By: Robert Ruth. Teamwork is essential in any industry; in the Life Sciences and Biotech industries, it’s the glue that ties everything together and generates answers. As Elizabeth Culotta points out In an article for The Scientist, “Researchers in many fields now recognize that no single person can contribute all the necessary expertise to solve increasingly complex problems.” She reminds us that group dynamics don’t always smoothly –particularly within the life sciences. Trained to nurture their visions, researchers can struggle to interweave their efforts and become a team.
Multidisciplinary teams are the core of Biopharma projects. The collaboration of talent from physicians to chemists, toxicologists, pharmacologists, etc., as well as members who cover programming, data management, IT, and biostatistics, to the production, sales, and marketing team members, brings a project to ultimate fruition. Their collaboration produces the drugs, medical devices, diagnostics, etc., that change the world.
“The world is so complex, no one person has the skills or knowledge to accomplish all that we want to accomplish,” says Susan McDaniel, Ph.D., a psychologist at the University of Rochester Medical Center and 2016 APA president known for her dedication to team-based work. “Interdisciplinary teams are the way to make that happen.”
Creating highly functional teams within teams and then joining them into one group, often across the country and sometimes globally, is a science in itself. Gerald F. Goodwin, Ph.D., of the U.S. Army Research Institute for the Behavioral and Social Sciences, suggests that it begins with understanding the difference between task work and teamwork. Taskwork is the actual work that must be accomplished to complete the project. At the same time, teamwork involves the “interrelated thoughts, feelings and behaviors of team members that enable them to work effectively together.” While the distinction might seem obvious, Goodwin points out that “understanding the elements of teamwork is vital. “How well people work together may be more important than how well they work on the tasks.”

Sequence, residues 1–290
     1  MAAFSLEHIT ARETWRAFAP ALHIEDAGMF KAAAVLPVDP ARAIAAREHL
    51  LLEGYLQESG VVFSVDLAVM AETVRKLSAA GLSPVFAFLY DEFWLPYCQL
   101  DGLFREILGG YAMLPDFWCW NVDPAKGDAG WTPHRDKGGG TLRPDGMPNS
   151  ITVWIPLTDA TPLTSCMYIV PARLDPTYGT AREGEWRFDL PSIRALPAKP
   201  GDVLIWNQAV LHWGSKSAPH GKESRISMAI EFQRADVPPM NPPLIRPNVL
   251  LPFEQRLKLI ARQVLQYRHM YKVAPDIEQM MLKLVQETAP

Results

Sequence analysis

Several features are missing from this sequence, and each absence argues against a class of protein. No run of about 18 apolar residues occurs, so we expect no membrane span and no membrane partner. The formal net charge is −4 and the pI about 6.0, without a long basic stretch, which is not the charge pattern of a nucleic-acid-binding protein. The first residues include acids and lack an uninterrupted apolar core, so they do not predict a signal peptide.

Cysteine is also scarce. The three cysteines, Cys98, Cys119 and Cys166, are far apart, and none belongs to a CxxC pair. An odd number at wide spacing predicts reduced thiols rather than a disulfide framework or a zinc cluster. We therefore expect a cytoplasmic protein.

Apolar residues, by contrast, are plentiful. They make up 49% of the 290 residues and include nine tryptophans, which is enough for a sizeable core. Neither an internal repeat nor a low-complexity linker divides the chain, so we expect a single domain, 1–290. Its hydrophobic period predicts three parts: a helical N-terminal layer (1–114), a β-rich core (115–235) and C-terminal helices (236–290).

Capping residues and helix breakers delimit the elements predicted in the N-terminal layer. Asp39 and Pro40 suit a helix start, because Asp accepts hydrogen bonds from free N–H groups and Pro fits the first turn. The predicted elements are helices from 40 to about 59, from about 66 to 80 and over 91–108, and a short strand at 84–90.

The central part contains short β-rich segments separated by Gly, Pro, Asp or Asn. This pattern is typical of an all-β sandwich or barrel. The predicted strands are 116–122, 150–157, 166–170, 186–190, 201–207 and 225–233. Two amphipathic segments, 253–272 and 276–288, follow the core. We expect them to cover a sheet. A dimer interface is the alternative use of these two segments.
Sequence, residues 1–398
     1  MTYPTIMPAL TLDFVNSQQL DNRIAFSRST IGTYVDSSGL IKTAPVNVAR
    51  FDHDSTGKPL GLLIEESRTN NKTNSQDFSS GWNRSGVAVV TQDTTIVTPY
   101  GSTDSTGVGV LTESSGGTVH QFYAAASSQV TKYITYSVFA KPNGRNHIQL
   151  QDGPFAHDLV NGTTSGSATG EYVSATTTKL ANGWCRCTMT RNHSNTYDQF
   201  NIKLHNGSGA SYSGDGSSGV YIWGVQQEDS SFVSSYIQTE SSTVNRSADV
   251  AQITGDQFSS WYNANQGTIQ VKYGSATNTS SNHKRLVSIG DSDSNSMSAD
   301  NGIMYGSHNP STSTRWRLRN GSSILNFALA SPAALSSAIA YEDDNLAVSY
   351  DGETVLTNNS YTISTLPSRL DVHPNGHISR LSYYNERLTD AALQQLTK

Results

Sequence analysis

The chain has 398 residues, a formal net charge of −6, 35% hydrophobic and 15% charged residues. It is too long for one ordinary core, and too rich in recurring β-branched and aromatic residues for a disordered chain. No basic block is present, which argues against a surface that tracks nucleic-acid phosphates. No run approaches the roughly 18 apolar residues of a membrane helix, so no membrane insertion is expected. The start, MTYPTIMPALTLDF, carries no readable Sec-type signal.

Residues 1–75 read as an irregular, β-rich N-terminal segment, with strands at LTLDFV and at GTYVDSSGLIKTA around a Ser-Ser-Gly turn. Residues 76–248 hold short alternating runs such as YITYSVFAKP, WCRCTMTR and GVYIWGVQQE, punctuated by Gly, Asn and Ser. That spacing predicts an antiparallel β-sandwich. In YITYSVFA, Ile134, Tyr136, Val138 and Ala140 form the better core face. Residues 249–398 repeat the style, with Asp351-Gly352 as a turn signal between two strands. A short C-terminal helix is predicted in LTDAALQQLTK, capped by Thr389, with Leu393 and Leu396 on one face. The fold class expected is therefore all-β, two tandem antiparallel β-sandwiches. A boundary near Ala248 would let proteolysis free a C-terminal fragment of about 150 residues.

What elements produce a cohesive, productive team? According to Glenn Parker, author of Team Players and Teamwork, a team consists of four niches –contributors, communicators, challengers, and collaborators. During the course of a project, individuals can fill multiple roles.
Contributors: Work on a specific piece of the project, delivering the results to the team.
Communicators: Keep track of social interactions, heals conflict, and keeps various team members informed.
Challengers: Question – or challenge – ideas and results, ensuring hidden glitches are discovered, and the outcome is successful.
Collaborators: Articulates the vision, clarifying the goal, and keeping the team united as they move forward.
Covering all the roles, however, is not the only factor. In the Life Sciences and Biotech industries, teams often consist of professionals from different cultural backgrounds. It’s vital to spend time getting to know each other and understanding the nuances that define each member. It’s not the differences we can see, but the deeper factors –personality traits, values, abilities, thought processes, etc. –make a significant impact on a team’s cohesiveness. These factors have been labeled the ABCs of teamwork; the attitudes, behaviors, and cognitive states that individually and together affect a team’s success.
Team science research reveals that collaborating across organizational, geographic, and cultural boundaries and disciplines increase productivity and scientific impact. However, bringing them together requires both trust and members’ psychological safety –the freedom to share ideas, questions, concerns, etc.
While we have been creating teams to achieve shared goals for a long time, understanding methods and processes helps teams become more efficient and, ultimately, successful. As Suzanne Bell, Ph.D., says, “What’s changing is the understanding and appreciation that there is a science behind how to manage teams. Teams are complex systems. The more you can manage them using a scientific basis, the better your teams will be.”
The Ashton Tweed leadership team, executives with diverse life sciences and human capital backgrounds understand your need for high-functioning teams. As a boutique retained executive search firm, we have created the first Executive Talent Bank dedicated to servicing the life sciences industry. We also pioneered the employment concept of interim talent for life sciences and biotech industries.